In contrast to the USDA’s recommendation regarding protein, the Healthy Eating Plate stresses the importance of healthy protein. Based on the best available scientific evidence, consumers are urged to eat healthier proteins such as fish, poultry, beans and nuts. We are encouraged to limit red meat and avoid processed meat, which raise the risk of obesity, heart disease, diabetes and colon cancer. MyPlate does not distinguish these unhealthy protein sources from healthy ones.

The Healthy Eating Plate encourages us to eat a wide variety of fruits and vegetables to obtain a healthy mix of the many nutrients they contain.

We are especially urged to eat dark green, leafy vegetables and those that are red, yellow and orange. This variety can help lower blood pressure and the risk of heart disease and stroke. It can help prevent some types of cancer, eye conditions and digestive problems. The Healthy Eating Plate also highlights the problem with our favorite vegetable: potatoes. We are advised to limit our consumption of potatoes, including French fries, since they are loaded with a form of starch that has the same effect on blood sugar as refined grains, sugar and other sweets. While MyPlate also recommends this wide variety of fruits and vegetable, it contains no advice about limiting the consumption of potatoes.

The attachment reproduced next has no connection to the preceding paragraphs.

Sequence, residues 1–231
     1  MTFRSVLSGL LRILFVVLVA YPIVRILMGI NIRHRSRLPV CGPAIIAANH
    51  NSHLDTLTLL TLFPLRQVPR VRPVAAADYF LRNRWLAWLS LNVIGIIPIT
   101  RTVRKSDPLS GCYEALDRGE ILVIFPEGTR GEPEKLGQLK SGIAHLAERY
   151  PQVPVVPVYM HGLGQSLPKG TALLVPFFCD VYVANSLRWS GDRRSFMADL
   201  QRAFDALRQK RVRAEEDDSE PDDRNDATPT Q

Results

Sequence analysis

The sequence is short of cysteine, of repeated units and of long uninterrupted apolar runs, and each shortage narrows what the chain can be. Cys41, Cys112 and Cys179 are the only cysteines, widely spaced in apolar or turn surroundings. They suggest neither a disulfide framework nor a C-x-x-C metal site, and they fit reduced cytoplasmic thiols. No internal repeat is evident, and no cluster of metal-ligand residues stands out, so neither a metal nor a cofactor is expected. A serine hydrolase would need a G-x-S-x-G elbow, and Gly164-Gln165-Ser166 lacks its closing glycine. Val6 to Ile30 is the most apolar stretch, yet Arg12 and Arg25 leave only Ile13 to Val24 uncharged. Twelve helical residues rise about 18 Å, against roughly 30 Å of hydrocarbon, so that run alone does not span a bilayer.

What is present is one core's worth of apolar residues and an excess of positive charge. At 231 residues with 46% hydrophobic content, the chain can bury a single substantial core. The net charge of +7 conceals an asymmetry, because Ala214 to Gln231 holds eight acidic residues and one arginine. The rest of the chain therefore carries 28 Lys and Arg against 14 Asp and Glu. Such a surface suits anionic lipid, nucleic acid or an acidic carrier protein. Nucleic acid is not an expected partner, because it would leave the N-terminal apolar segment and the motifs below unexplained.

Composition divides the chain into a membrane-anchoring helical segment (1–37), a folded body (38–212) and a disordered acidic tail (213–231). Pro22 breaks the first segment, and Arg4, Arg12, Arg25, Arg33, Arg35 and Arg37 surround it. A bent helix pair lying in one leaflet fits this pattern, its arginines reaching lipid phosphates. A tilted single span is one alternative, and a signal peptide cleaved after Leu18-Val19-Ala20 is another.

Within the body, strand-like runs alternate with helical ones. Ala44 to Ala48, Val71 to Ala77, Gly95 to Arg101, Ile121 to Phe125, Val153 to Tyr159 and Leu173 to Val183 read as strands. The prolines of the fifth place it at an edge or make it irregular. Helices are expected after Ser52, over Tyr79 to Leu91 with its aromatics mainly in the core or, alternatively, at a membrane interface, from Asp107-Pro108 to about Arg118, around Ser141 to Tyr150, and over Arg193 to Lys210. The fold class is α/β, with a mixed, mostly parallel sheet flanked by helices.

The Healthy Eating Plate recommends using healthy oil, including olive, canola and other plant oils in recipes, on salads and in cooking. Healthy fats can help control cholesterol levels and benefit the heart. HSPH advises limiting the use of butter and completely avoid trans fat. MyPlate makes no recommendation regarding dietary fat. This is a serious omission and one that should be corrected in future updates to MyPlate.

What should you drink? The Healthy Eating Plate recommends drinks with no calories, including plain water and unsweetened coffee and tea. It urges consumers to avoid sugary drinks, including commercial sweetened waters, which are major contributors to the epidemics of obesity and diabetes. We are urged to limit milk and dairy to one to two servings per day. High dairy consumption may be associated with increased risk of prostate and ovarian cancer. We are advised to limit fruit juice to a small glass a day because of its sugar and calorie content. MyPlate suggests dairy at every meal, despite scientific evidence against this recommendation, and also allows fruit juice to count as a fruit serving.

The Healthy Eating Plate recommends regular physical activity as part of the answer to our global epidemic of obesity. MyPlate makes no physical activity recommendation.

You can be healthier and live longer by making smart nutrition choices. The Healthy Eating Plate and The Nutrition Source at Harvard’s School of Public Health are your best resources for nutrition advice for living a longer, healthier life.

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Dr. John Patterson is past president of the Kentucky Academy of Family Physicians and is board certified in family medicine and integrative holistic medicine. He is on the family practice faculty at the University of Kentucky College of Medicine and the University of Louisville School of Medicine, Saybrook University’s School of Mind Body Medicine (San Francisco) and the Center for Mind Body Medicine (Washington, D.C.). He operates the Mind Body Studio in Lexington, where he offers integrative medicine consultations

more articles by dr john patterson